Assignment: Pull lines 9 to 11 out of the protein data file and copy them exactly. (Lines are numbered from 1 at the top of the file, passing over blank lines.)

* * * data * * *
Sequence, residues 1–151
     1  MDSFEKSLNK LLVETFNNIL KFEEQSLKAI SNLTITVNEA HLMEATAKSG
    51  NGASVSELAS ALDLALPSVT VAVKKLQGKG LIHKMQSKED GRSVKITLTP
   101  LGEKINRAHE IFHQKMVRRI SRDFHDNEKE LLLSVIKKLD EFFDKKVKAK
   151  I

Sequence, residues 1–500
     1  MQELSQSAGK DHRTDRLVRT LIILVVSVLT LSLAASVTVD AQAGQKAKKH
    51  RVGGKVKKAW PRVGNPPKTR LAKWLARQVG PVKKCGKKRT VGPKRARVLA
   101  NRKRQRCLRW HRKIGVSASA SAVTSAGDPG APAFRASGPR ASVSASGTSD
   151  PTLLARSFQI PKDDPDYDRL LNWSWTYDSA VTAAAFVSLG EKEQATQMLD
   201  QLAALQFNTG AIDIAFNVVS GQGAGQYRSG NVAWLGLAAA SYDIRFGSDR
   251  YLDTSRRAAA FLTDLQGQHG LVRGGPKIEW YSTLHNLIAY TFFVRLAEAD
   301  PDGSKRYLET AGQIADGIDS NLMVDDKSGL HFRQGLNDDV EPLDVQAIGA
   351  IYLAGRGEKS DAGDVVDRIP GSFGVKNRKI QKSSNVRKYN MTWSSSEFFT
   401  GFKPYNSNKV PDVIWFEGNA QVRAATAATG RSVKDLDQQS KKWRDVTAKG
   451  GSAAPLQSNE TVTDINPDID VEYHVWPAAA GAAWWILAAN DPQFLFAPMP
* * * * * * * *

   101  NRKRQRCLRW HRKIGVSASA SAVTSAGDPG APAFRASGPR ASVSASGTSD
   151  PTLLARSFQI PKDDPDYDRL LNWSWTYDSA VTAAAFVSLG EKEQATQMLD
   201  QLAALQFNTG AIDIAFNVVS GQGAGQYRSG NVAWLGLAAA SYDIRFGSDR